Until You Fall brings a refreshingly unique approach to VR sword fighting which combines the satisfaction of a hack & slash game with the depth of RPG combat, all wrapped up in a VR-native design. The game’s Quest port is a near-perfect translation from its PC counterpart which benefits from the lack of tether.
Until You Fall Details:
Available On: Oculus Quest, Oculus PC, SteamVR, PSVR
Release Date: September 29th, 2020
Oculus Cross-buy: Yes
Developer: Schell Games
Reviewed On: Quest
Until You Fall is a rogue-lite VR melee combat game where you battle your way through rooms of enemies until you are inevitably struck down, only to rise again more experienced and more powerful to try to make it even further in your next bout.
Rather than the purely physics-based approach of a VR melee combat game like Blade & Sorcery, Until You Fall delivers a somewhat more abstract experience. From the outside, the ‘block’ and ‘combo’ markers might make the game look arcade-ish, but there’s heaps of depth hiding underneath. Not only does this approach leave room for meta-game strategy—like which weapons you use and how you use them—it also allows the game to carefully set the ‘pace’ of combat to make it both challenging and rewarding without the intermittent funkiness that often comes with a pure-physics approach.
Make no mistake though, Until You Fall is an active game and you can easily build up a sweat while you play. Although hits and blocks are more dependant on the overall gesture than ensuring that you make perfect contact with the enemy’s hitbox, to succeed you’ll still need to make big swings in the right directions and at the right time.
Until You Fall’s combat is wholly dictated by the ‘shield’ meter of each enemy, which must be broken before you can begin slashing away at their health bar. Shield damage is dealt both by hitting enemies and blocking their attacks. Since they can attack you at any time while their shield is up, you can get a few hits in here and there but you’ll largely be on the defensive until their shield is down. Once their shield is broken it’s your turn to dish out big damage by swinging in the indicated direction to chain together several devastating hits. Some enemies will die after just one combo set, but others will need their shields taken down multiple times before they fall—until you become more powerful, that is.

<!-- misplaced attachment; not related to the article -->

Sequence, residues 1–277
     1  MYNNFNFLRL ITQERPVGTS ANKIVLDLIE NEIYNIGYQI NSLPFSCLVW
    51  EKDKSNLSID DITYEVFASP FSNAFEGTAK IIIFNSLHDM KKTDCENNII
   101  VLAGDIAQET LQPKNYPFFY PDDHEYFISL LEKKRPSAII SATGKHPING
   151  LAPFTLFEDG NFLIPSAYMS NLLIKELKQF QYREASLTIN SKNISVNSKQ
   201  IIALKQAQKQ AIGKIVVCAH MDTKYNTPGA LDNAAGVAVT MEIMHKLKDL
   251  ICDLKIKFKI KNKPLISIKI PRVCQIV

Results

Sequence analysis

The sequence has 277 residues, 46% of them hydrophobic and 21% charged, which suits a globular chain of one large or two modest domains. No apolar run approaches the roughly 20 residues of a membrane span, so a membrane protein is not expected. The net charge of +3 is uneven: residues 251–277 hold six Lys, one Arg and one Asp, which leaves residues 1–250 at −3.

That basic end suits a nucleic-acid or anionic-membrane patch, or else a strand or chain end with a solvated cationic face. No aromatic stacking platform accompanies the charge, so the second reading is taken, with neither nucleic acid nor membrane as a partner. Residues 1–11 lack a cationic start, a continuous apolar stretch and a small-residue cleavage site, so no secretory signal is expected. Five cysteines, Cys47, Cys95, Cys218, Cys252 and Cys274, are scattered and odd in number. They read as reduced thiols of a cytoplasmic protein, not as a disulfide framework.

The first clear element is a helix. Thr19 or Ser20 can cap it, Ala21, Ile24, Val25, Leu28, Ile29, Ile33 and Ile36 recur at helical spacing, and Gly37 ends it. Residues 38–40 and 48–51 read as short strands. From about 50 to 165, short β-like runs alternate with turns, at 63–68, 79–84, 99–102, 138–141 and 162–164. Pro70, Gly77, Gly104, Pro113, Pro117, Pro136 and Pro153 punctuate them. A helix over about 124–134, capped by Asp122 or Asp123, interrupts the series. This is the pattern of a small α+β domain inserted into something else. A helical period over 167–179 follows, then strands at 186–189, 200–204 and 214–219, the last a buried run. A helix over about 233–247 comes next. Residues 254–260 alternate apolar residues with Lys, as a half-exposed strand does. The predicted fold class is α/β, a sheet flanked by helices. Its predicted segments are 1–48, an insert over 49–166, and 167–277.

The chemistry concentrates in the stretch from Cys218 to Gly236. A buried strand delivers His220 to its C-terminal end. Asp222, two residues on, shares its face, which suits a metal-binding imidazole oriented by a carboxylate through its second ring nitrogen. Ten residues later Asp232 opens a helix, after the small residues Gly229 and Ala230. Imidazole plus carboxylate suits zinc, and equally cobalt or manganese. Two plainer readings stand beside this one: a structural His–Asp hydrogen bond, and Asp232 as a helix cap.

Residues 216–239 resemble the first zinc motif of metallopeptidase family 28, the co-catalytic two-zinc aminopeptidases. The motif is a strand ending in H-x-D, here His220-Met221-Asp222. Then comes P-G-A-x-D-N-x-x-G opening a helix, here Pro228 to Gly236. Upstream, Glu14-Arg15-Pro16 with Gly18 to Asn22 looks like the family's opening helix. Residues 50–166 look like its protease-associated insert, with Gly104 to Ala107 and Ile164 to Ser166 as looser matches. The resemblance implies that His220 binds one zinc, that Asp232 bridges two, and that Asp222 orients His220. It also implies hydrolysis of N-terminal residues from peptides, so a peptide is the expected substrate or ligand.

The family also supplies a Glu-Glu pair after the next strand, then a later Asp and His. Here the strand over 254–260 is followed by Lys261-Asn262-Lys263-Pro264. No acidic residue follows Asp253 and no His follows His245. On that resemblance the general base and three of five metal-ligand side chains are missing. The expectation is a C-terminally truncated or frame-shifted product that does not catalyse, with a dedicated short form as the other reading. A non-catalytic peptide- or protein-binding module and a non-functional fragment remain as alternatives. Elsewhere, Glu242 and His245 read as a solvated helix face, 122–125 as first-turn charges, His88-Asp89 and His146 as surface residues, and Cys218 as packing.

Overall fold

Until You Fall has two types of progression: temporary upgrades which you unlock in the current run but disappear afterward, and permanent upgrades to your weapons which are bought between runs in the hub area. In addition to upgrading your weapons, you can also buy from a reasonably large selection of new weapons. But your effectiveness is also dictated by the proficiency of your play rather than by your stats alone.
Each weapon has its own unique characteristics, and choosing which weapons you bring into battle is a very meaningful decision because it can have a drastic impact on how you play—from your overall combat strategy right down to the way you swing.
This is the heart of what makes Until You Fall’s combat so interesting. In one run you might choose a dagger for your blocking weapon—because it’s light and fast—and an axe for your attacking weapon—because it deals big damage. In the next run you might pair a broadsword—for its balance of range and speed—with an amulet—which gives big stat boosts but can’t be used to block. Or you might want to attack with two daggers—for their speed—and hope to find the mid-run upgrade which increases damage when you alternate attacks between your blades.
On one of my better runs in the Quest version of Until You Fall I chose the mace for dishing out big shield damage, but opted to block and combo with my broadsword because the mace is too slow for quick blocks and the broadsword does more damage to health than shields. As I fought through the run I grabbed a few mid-run upgrades which made my mace deal even more shield damage, turning it into a brute-force shield smasher that I would swing with abandon while focusing on precise blocking and combos with my sword.
That’s just one idea for a weapon pairing and combat strategy, and there’s many more to formulate, experiment with, and perfect.
It takes some time to grasp all the systems at play though, and this is one place where Until You Fall could use some added clarity. Sorting out the difference between permanent and temporary weapon bonuses, player bonuses, weapon sockets, block damage, shield damage, and health damage will take some back-and-forth comparisons between menus and getting a few runs under your belt. Revamping the interface to more clearly indicate which upgrades are temporary and which are permanent (and whether the upgrade applies to the player or the weapon) would help players get up to speed with the underlying systems more quickly. The game would also benefit from more explicitly explaining that each weapon has differing ‘physical’ weight which impacts how fast it moves. That’s an important consideration when it comes to choosing your kit and how you’ll use it.